When a defendant is sentenced to imprisonment, the Independent Service for Victim and Witness Support at the Ministry of Justice will inform the victim of the prisoner's release date (unconditional release and release on probation).

Statutory obligation to inform victims of prisoner release

In accordance with the provisions of the Act Amending the Execution of Prison Sentences Act (Zakon o izmjenama i dopunama Zakona o izvršenju kazne zatvora), the Independent Service for Victim and Witness Support at the Ministry of Justice is required to inform the victim, injured party or his/her family about the release of a prisoner.

Victims are notified of the release of a prisoner in cases of crimes against sexual freedom and sexual morality, life and limb or crimes involving violence.

The information mentioned above is provided to a victim, injured party or his/her family, irrespective of whether the prisoner is being released unconditionally or on probation.

Moreover, when a decision is being taken on the advisability of allowing a prisoner to leave prison for his/her place of permanent or temporary residence, penitentiaries/prisons may require the probation service to establish the attitude of the victim or the victim’s family to the crime that was committed. The Independent Service for Victim and Witness Support draws up reports for the probation service on the basis of its discussions with the victim.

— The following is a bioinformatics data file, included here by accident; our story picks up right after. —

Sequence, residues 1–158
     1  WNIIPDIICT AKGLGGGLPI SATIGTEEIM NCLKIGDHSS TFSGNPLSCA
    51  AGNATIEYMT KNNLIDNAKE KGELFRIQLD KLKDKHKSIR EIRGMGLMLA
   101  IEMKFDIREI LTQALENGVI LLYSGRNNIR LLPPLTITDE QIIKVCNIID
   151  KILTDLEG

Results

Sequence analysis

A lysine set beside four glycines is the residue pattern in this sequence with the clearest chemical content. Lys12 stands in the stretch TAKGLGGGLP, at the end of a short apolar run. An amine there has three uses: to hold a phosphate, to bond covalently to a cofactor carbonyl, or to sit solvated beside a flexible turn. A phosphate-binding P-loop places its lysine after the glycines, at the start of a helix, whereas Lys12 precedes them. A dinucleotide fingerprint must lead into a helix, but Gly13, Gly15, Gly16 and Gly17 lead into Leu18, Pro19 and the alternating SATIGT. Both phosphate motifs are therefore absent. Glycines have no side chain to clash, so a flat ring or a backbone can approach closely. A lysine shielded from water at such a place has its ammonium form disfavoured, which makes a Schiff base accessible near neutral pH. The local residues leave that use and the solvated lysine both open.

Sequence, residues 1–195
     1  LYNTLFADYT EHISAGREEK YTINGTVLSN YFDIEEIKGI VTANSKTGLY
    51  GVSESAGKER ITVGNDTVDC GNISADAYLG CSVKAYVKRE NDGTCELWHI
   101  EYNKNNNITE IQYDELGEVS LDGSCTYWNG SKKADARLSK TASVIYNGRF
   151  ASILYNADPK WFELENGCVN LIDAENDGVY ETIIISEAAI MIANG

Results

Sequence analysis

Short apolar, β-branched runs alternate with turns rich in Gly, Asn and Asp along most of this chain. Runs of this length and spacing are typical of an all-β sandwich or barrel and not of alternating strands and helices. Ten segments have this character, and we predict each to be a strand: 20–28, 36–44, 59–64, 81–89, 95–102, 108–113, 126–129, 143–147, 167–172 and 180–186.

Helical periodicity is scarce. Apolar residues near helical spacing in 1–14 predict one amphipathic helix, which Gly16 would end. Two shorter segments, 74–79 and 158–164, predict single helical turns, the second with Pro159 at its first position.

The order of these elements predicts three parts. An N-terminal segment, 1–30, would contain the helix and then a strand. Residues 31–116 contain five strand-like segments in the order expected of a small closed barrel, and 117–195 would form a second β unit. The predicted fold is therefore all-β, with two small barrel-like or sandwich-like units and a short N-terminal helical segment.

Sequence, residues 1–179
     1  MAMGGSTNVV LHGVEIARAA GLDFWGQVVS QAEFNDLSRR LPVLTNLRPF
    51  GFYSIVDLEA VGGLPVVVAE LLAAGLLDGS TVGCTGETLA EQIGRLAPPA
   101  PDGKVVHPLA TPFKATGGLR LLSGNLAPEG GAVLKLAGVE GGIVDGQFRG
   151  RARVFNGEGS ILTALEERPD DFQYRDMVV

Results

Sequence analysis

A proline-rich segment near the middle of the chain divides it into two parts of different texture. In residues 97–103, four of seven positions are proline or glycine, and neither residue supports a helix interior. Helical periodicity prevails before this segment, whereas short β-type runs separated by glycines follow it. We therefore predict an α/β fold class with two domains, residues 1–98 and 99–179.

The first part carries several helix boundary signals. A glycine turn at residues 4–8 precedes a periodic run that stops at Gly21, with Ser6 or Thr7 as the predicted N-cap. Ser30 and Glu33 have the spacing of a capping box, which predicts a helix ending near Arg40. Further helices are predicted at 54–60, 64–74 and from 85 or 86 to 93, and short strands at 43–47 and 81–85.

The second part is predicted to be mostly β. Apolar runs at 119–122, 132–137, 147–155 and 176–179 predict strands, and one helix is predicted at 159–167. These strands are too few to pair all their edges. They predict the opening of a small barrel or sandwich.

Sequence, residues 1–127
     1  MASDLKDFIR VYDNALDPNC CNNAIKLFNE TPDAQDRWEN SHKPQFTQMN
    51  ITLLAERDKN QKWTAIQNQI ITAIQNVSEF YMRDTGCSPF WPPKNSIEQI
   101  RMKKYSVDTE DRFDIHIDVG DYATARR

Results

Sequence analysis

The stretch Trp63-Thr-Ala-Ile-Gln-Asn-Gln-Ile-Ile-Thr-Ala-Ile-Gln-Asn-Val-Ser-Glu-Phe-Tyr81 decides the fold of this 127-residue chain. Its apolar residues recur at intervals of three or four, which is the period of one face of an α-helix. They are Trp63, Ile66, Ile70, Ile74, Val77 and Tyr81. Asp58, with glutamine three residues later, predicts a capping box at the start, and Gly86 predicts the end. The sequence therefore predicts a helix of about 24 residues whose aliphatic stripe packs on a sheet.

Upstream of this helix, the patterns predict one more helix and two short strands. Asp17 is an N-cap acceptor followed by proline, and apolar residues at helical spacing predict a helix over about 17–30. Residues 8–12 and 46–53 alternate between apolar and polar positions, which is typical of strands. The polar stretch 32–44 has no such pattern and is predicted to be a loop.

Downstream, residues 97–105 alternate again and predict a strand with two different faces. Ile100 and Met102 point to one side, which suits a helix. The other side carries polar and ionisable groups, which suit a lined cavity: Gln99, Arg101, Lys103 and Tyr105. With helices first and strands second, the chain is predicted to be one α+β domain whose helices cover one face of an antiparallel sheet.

Support for witnesses and victims

Support for victims and witnesses in the Republic of Croatia is coordinated by the Independent Service for Victim and Witness Support (Samostalna služba za podršku žrtvama i svjedocima) at the Ministry of Justice.

Victims and witnesses can obtain support and information on their rights and on procedures from the Victim and Witness Support Department of a court.

Such departments have been set up at seven county courts (županijski sudovi), namely in Zagreb, Zadar, Osijek, Vukovar, Split, Sisak and Rijeka. The departments provide victims (and witnesses) and persons accompanying them with emotional support, practical information and information on rights. Support is also provided by departments of competent municipal and misdemeanour courts (općinski and prekršajni sudovi).